Bob writes very strongly about people - often with the sense of a story, and I am greatly taken with his ability to draw out the most vital and memorable aspects of a person's life, and so present a kind of condensed autobiography which is under-emphasized, subtle, linguistically economical and yet teeming with the essence of that person - it is a style surely rooted in the very kind of traditional Northern culture (a culture characterised by its understatements, shyness of the limelight, and no-nonsense, matter-of-factness) that he brings so elegantly to life.
Sometimes this skill is highlighted by his ability to draw out observations of individuals, as in Busker: an elegiac, melancholy narrative which is at once dreamlike and life-like. I feel I can see the busker and his love, and both have a realistic sense of character. On other occasions, the lens is fixed on a more general metaphor for a wider range of people, such as Navvy.  Here, we find a whole trajectory of historical exploitation, and achievement, represented by a monologue-like exposition of hard facts:

You've seen my embankments, cuttings,
tunnels where I blasted and hacked
through granite, Kentish coastal chalk,
millstone grit of northern dales.

The poem pulls no punches.  We are told both of the calling curlew, and the brutal realities of life - and death - imposed on those labouring generations packed in shanty towns, who were

Killed by winter, disease and drink,
killed by landslips,killed by the wind;
killed by capital's careless pace.

But it is perhaps in relation to his own family and ancestors that Bob's poetry is most naturally focused.  Ancestry forms a kind of centre-piece to the collection, divided equally between portraits of the poet's mother and father, and contrasting the tranquility of bike rides around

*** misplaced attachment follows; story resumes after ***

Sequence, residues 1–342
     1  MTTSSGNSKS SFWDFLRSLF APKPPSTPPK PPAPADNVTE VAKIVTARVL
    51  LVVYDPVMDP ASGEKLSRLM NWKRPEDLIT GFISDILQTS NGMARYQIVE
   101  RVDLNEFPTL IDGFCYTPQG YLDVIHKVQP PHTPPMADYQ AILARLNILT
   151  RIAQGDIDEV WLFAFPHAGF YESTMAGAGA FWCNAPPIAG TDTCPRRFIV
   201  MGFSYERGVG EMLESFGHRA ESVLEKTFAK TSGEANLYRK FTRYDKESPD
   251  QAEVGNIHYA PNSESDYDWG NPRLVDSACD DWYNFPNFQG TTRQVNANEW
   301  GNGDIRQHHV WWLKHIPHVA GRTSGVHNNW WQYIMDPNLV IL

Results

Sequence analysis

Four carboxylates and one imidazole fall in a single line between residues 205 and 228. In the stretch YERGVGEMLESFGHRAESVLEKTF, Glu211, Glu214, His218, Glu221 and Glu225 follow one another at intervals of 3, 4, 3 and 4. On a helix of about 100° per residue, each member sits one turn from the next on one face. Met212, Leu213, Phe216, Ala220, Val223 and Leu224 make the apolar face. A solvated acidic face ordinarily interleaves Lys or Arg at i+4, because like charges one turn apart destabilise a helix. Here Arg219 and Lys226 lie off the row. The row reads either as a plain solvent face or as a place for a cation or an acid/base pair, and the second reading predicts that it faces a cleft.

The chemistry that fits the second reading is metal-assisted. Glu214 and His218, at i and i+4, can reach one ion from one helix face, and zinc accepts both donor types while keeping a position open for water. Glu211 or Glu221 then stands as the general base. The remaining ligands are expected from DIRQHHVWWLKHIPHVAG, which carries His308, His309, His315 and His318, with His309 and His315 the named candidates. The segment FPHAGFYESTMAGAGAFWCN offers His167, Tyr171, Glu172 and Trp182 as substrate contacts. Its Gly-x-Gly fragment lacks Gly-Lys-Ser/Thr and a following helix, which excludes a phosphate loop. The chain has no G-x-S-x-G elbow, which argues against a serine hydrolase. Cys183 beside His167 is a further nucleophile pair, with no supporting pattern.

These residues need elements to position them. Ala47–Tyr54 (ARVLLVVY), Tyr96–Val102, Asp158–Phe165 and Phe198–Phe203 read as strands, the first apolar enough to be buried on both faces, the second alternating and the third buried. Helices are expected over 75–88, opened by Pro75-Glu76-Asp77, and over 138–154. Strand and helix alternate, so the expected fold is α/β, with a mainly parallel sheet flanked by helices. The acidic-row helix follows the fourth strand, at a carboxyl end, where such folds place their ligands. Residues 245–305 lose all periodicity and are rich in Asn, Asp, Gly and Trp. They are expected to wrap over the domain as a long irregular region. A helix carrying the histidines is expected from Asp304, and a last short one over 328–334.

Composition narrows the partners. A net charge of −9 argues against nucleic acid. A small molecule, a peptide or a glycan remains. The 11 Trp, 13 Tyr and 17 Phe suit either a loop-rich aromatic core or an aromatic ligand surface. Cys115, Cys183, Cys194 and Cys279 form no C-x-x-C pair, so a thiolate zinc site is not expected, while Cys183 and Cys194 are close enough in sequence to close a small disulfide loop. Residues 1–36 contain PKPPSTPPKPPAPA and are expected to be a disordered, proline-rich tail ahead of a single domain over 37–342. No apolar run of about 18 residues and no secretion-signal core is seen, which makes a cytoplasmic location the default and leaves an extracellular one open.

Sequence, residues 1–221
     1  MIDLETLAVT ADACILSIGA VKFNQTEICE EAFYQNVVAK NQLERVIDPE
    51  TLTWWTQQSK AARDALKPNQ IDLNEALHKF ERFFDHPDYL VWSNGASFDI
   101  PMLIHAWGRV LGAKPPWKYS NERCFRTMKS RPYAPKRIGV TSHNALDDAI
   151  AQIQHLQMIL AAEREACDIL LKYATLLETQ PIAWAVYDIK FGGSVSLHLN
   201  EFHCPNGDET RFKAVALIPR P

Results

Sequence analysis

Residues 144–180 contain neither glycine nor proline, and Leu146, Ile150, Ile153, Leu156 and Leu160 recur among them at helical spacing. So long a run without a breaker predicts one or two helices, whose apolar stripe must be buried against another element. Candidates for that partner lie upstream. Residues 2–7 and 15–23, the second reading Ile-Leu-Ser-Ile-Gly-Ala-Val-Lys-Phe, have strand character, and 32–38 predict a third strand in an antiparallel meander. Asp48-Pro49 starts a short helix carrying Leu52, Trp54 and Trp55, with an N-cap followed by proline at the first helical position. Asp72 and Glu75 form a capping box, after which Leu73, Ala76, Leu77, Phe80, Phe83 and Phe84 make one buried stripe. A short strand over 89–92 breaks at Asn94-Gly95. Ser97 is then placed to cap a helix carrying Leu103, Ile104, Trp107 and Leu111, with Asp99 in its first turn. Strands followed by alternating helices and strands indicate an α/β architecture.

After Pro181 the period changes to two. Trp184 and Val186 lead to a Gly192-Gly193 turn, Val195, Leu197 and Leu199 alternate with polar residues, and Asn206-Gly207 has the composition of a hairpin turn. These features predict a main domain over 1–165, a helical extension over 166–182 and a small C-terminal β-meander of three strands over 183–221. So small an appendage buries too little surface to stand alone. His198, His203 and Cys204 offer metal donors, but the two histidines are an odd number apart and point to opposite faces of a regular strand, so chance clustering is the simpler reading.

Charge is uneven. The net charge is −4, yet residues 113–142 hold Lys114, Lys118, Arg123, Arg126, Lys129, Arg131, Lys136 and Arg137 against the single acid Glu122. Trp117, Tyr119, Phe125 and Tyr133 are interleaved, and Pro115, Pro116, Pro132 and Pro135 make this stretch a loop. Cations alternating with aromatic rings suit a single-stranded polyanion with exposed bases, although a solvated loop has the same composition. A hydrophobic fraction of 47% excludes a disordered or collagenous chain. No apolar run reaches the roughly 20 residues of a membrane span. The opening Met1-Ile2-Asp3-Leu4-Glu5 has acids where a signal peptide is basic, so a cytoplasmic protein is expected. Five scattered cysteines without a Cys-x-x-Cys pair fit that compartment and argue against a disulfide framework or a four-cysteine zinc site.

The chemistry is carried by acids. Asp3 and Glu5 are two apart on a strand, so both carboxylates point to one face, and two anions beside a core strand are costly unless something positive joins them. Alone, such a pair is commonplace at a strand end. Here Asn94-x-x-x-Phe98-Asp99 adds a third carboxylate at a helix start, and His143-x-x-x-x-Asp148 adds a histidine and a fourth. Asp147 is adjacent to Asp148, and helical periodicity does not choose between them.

... Langstrothdale, over Fleet Moss
and Buttertubs, down Swaledale, West Tanfield

and the dangers, and oddly banal routine, of war:

First house at The Albert that Saturday
was Robert Newton in 'Hell's Cargoes.'
The siren must have gone during the film,
but by then nobody paid much attention.

If planes were flying along the valley,
people used to say, from the engine sound,
"That's a German bomber," or, "One of ours,"
reckoning they could tell the difference. 

In Christmas Morning, we find ourselves shivering in wintry weather:

Cold rain in an east wind
on grandad's allotment
where I wasn't allowed-
He likes to be on his own 
when he's back from work-
except this once a year.

Icicle fingers ripping sprouts
from their stalks for dinner
then into the frowsty shed
for his tale of the Territorials. 

My Father's Father is so lovingly recollected and yet simple, an uncomplicated recording of a life. Its like a biography in poetry, a whole life's story condensed into these clear, deceptively straightforward examples, all of which have a filmic clarity, and which again distills the spirit of an older generation, the "keep myself to myself" Yorkshiremen of yesteryear, and the sense of lives pushed to the margins by the impact of war.